What happens if you don’t put your phone in airplane mode?
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Right now, invisible signals are flying through the air all around you. Beyond the spectrum of light your eyes can see, massive radio waves as wide as houses carry information between computers, GPS systems, cell phones, and more. In fact, the signal your phone broadcasts is so strong, if your eyes could see radio waves, your phone would be visible from Jupiter. At least your special eyes would be able to see this if the sky wasn’t flooded with interference from routers, satellites, and, of course, people flying who haven't put their phones on airplane mode. You see, this setting isn't to protect your flight, it's to protect everyone else in your flight path.
Cell phones connect to networks by emitting information in the form of electromagnetic waves; specifically, radio waves, which occupy this band of the electromagnetic spectrum. These radio waves come in a range of wavelengths, and let’s imagine your special eyes see the various wavelengths as different colors. When you make a call, your phone generates a radio wave signal which it throws to the nearest cell tower. If you're far from service, your phone will expend more battery power to send a higher amplitude signal in an effort to make a connection. Once connected, this signal is relayed between cell towers all the way to your call’s recipient. Since your call isn’t the only signal out here, cell towers managing the calls assign each phones involved their own wavelength.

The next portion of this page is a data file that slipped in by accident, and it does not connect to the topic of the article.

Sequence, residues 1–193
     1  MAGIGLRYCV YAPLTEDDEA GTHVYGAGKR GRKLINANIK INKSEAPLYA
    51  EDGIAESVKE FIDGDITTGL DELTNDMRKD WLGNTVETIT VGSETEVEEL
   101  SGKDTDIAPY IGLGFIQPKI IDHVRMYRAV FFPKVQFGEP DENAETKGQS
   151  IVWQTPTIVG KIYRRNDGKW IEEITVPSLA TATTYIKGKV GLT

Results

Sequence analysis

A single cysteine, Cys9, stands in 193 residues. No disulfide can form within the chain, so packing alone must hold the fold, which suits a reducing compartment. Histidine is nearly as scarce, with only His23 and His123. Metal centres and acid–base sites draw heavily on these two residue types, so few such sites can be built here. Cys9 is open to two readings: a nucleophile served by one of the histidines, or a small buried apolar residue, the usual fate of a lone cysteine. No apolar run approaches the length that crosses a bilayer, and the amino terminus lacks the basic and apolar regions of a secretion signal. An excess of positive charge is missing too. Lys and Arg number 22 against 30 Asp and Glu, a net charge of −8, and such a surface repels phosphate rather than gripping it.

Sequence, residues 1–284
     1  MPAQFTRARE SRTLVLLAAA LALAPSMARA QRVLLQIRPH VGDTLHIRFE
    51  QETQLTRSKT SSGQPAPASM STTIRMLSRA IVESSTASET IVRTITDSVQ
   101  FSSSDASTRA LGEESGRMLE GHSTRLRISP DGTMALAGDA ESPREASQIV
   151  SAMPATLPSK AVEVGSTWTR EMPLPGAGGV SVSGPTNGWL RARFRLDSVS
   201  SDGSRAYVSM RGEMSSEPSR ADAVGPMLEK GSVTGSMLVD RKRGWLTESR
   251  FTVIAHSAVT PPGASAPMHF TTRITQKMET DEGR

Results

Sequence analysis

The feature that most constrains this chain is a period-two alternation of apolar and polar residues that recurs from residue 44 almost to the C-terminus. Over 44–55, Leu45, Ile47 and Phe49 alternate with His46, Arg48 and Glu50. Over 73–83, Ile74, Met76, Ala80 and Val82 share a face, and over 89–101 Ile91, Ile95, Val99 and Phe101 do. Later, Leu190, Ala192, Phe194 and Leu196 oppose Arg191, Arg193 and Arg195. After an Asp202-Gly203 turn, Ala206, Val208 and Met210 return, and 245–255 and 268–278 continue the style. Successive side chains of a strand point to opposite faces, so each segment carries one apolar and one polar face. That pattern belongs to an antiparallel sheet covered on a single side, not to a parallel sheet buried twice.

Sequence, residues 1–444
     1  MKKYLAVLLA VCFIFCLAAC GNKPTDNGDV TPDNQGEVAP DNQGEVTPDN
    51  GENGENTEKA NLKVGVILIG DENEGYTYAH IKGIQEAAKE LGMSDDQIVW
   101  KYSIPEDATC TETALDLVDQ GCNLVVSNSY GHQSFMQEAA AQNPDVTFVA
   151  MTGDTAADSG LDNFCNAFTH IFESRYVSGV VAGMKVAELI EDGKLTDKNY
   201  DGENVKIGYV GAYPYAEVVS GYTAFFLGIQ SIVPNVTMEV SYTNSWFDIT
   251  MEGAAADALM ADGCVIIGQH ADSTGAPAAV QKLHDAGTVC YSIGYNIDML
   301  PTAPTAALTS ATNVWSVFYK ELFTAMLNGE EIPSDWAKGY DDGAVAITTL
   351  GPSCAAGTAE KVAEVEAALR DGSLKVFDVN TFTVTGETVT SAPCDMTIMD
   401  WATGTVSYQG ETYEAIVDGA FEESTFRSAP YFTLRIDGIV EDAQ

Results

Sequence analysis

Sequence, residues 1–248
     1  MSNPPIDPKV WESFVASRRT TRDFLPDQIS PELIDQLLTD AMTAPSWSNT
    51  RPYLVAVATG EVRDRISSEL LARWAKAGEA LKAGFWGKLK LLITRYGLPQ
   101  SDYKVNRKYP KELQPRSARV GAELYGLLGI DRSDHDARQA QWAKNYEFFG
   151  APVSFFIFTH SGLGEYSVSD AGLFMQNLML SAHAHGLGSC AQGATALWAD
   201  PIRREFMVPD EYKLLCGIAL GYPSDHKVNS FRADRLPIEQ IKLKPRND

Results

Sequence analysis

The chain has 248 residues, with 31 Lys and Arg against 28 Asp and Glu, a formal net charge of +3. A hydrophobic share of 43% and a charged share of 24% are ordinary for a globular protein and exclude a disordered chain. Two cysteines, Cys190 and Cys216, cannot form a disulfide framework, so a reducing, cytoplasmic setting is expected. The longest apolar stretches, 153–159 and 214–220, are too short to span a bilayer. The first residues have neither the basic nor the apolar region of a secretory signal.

This specific color ensures you’re not picking up other people’s calls. It’s even slightly different from the wavelength your phone is receiving information on, so as not to interfere with that incoming signal. But there are only so many colors to choose from. And since the advent of Wi-Fi, the demand for ownership of these wavelengths has increased dramatically. With all these signals in the air and a limited number of colors to assign, avoiding interference is increasingly difficult. Especially when cell towers receive too many signals at once, such as during regional emergencies, when everyone's trying to use their phones. But other sources of interference are more preventable, like phones searching for signals from thousands of meters in the sky.
Phones on planes are very far from cell towers, so they work overtime to send the loudest signals they can in search of service. But since planes travel so quickly, the phones might find themselves much closer to a cell tower than expected— blasting it with a massive signal that drowns out those on the ground. So when you fly without using airplane mode, you’re essentially acting as a military radio jammer— sending out giant radio waves that interfere with nearby signals. Even on the ground, almost all our electronics emit rogue radio waves, slowing down our internet and making our calls choppy.
This leads consumers to pay for more bandwidth, pushing service providers to take over more of the radio spectrum, and eventually, send more satellites into the sky— creating a vicious cycle that could eventually blot out the stars. Though, even without these satellites, this system is threatening our relationship with the cosmos. Radio telescopes used for astronomy rely on a specific band of wavelengths to see deep into space. However, while this range is supposedly protected, the cutoffs aren’t enforced. For example, the Very Large Array can see signals throughout our solar system from 1 to 50 GHz.
But if it tries looking for signals below 5 GHz, its search could be drowned out by a sea of phones on 5G networks. Today, nowhere on Earth is truly radio quiet. Satellites relaying signals around the globe have blanketed the planet in radio waves. But there are a few places with less crowded skies, where radio telescopes can look deep into space. Well, so long as we’re not blinded by phones sending signals from first class.
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